Thursday, 27 April 2017

Unfettered online hate speech fuels Islamophobia in China

 
The flood of angry anti-Muslim rhetoric on social media was the first sign of how fiercely the suburban middle-class homeowners in this central China city opposed a planned mosque in their neighborhood. It quickly escalated into something more sinister.
Soon a pig's head was buried in the ground at the future Nangang mosque, the culmination of a rally in which dozens of residents hoisted banners and circled the planned building site. Then the mosque's imam received a text message carrying a death threat: "In case someone in your family dies, I have a coffin for you — and more than one, if necessary."
"How did things get stirred up to this point?" the imam, Tao Yingsheng, said in a recent interview. "Who had even heard of the Nangang mosque before?"
On the dusty plains of the Chinese heartland, a bitter fight over a mosque exemplifies how a surge in anti-Muslim sentiment online is spreading into communities across China, exacerbating simmering ethnic and religious tensions that have in the past erupted in bloodshed. It's also posing a dilemma for the ruling Communist Party, which has allowed Islamophobia to fester online for years as part of its campaign to justify security crackdowns in its restive region of Xinjiang.
"It's let the genie out of the bottle," said James Leibold, a professor at La Trobe University in Australia who has tracked the growth of anti-Muslim hate speech on China's internet.
Interviews with residents and an examination of social media show how a few disparate online complaints by local homeowners evolved into a concerted campaign to spread hate. Key to it was an unexpected yet influential backer: a Chinese propaganda official, 2,500 kilometers (1,500 miles) away in Xinjiang, whose inflammatory social media posts helped draw people into the streets on New Year's Day, resulting in a police crackdown.
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A stone inscription outside its gate shows the original Nangang mosque was established in the 1780s by members of the Hui minority, the descendants of Silk Road traders who settled across China centuries ago. In its present form, the mosque has served the area's 4,500 Hui for decades, its domed silhouette partially hidden by overgrown shrubs in the countryside beyond Hefei's last paved boulevards.
Over the past 10 years urbanization has come to Hefei, with sprawling development reconfiguring the landscape and its demographic flavor, and Hui leaders had been pushing for years to relocate their mosque to a more convenient urban location.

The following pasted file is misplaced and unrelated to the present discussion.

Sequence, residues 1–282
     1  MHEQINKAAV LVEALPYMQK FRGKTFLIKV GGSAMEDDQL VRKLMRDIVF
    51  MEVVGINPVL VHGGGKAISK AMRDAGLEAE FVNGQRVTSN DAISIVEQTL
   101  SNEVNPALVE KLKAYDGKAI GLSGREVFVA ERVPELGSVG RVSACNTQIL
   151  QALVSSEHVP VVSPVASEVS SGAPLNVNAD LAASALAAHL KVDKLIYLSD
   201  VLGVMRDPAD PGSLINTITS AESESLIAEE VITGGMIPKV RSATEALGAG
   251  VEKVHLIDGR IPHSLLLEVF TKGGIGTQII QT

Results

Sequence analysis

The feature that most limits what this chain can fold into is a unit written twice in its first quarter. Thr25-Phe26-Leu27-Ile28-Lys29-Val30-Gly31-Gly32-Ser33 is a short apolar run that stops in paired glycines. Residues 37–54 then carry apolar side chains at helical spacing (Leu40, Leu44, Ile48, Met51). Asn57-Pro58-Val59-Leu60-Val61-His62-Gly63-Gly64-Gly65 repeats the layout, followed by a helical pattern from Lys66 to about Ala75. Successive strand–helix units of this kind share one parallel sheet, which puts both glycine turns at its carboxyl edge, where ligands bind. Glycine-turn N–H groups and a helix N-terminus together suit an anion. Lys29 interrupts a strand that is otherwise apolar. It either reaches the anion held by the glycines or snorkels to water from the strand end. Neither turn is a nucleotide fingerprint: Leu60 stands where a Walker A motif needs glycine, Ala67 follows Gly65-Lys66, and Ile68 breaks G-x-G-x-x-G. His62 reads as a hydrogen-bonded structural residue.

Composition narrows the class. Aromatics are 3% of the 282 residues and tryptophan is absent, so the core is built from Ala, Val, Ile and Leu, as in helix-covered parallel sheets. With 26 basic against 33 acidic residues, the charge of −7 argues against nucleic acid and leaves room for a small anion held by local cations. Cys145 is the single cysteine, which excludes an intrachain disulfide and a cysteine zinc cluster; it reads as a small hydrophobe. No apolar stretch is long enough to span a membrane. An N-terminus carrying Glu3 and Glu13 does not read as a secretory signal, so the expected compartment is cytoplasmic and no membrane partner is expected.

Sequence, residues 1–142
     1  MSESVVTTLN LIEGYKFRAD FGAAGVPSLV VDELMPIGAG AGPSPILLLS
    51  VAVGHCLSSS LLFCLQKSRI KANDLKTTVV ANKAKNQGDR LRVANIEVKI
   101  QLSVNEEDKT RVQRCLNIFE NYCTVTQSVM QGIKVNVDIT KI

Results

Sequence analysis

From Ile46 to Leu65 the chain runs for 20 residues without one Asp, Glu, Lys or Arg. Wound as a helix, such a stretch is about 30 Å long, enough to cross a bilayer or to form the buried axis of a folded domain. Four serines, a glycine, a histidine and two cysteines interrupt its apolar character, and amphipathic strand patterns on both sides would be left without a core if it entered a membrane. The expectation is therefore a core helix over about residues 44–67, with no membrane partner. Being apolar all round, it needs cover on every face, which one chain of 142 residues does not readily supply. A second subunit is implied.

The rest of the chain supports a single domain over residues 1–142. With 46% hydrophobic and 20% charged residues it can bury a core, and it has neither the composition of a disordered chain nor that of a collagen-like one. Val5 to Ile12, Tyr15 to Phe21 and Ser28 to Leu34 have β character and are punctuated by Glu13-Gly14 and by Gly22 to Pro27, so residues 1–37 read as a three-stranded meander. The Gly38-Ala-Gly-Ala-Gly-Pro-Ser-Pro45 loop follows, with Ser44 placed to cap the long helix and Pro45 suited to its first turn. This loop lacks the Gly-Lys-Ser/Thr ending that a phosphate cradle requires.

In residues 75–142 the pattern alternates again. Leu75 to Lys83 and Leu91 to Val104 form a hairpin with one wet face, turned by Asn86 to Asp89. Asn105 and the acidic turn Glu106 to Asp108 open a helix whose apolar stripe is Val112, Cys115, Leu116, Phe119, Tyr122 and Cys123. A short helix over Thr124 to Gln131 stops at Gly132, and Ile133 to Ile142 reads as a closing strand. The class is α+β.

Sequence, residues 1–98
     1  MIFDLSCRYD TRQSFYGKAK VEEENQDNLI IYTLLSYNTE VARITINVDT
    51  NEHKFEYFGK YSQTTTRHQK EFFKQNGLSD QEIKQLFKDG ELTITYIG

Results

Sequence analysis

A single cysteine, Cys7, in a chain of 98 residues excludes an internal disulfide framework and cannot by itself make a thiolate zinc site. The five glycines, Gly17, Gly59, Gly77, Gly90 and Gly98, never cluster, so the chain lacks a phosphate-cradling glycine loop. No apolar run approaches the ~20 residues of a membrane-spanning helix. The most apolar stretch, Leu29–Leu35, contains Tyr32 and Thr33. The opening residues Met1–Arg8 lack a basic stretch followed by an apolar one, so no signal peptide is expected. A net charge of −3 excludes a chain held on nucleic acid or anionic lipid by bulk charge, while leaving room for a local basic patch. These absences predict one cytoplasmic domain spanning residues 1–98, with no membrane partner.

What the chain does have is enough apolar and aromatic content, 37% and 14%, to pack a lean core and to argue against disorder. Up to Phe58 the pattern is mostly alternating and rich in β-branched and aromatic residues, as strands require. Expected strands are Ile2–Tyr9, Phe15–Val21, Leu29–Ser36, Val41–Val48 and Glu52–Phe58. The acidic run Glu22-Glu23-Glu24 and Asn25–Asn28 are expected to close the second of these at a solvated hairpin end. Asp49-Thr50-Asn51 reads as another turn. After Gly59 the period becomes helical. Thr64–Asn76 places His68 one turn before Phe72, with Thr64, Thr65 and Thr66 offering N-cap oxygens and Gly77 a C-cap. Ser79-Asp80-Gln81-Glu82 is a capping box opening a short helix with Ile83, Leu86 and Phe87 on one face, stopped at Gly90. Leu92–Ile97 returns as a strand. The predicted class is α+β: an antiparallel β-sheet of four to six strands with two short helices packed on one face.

City planners in November finally selected a site adjacent to the newly built Hangkong New City condominiums, with its $200,000 two-bedroom units, faux-Mediterranean stylings and a Volvo dealership across the street. The project's homeowners overwhelmingly members of China's ethnic Han majority began complaining on China's popular microblog, Weibo.
Some complained the mosque would occupy space promised for a park. Others warned that safety in the area would be compromised.
Others were more blunt: Han residents were uncomfortable that a center for Hui community life would be less than 100 meters (300 feet) from their building, a homeowner who later identified himself in messages to the AP by his surname, Cheng, wrote in a petition posted in December.
"And the less said about what happens on Eid al-Adha, the better," Cheng wrote, referring to the Islamic holiday in which animals are slaughtered for a sacrificial feast. "It's absolutely shocking."
The story soon caught the attention of Cui Zijian, a boyish-looking propaganda official in Xinjiang who writes about the threat of religious extremism on his Weibo account with nearly 30,000 followers.
On Dec. 16, Cui suggested homeowners lobby local officials to block the construction, adding: "If that doesn't work, then how about pig head, pig blood."
Cui followed that a few hours later with another post repeating the four Chinese characters for pig blood and pig head over and over, attracting hundreds of reposts. While Cui was criticized by some on Weibo, a larger number — including at least one other government propaganda official — took his post as their cue to hurl abuse at the Hui.
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The mosque dispute was just the latest flashpoint for an increasingly active anti-Muslim social media movement in China.
Full article 

Wednesday, 26 April 2017

Masarrat Misbah: A messiah for acid burn victims

Image result for masarrat misbah depilex pictures

In conversation with Masarrat Misbah

“I still remember when a girl walked into my salon in a burqa. Thinking she was a beggar, I told her to come back the next day. It was only after she removed her veil, I saw that she had lost one eye and the nose. Her chin and neck were constricted together,” said Masarrat while talking to DNA.
Masarrat Misbah is Pakistan’s well-known beautician-turned-philanthropist who needs no introduction. She is one of the first beauty experts to introduce the trend of professional beauty salons in the country. She started Depilex Institute, which became one of the biggest beauty training institutes in Pakistan with internationally qualified staff.
With time she got inspired to incorporate the idea of ‘beauty with a cause’ with Depilex Smile Again Foundation after successfully running Depilex for years. She used this initiative to help acid attack victims and remove the stigma attached to it.
“I still remember when a girl walked into my salon in a burqa. Thinking she was a beggar, I told her to come back the next day. It was only after she removed her veil, I saw that she had lost one eye and the nose. Her chin and neck were constricted together,” said Masarrat while talking to DNA.
“I took that girl to the hospital and thought that if I could help one girl, maybe I could help more too. So an advertisement was placed in a few newspapers to report to a hospital on so and so date, for a free medical checkup. To my surprise, 42 girls showed up at Depilex.”


Tuesday, 25 April 2017

Hadith of the day: Good Deeds

Image result for good deeds

The Prophet Muhammad (peace be upon him) said: "Who among you has fasted today (as a means of self-purification)?. . .Who among you followed (a funeral procession out of respect for the dead) today?. . .Who among you fed a poor person today?. . .Who among you visited an invalid today?. . .Anyone in whom (these good deeds) are combined will certainly enter Paradise." Sahih Muslim

Monday, 24 April 2017

Halal Street Food Journey To Islamic China on the Ancient Silk Road



Some more of Trevor! Cos I can't get enough!


Jinn vs Mental Health



We do not want to confuse religion with culture at all. With religion it’s all about certain teachings and my views about culture is creating a whole community based on expectations.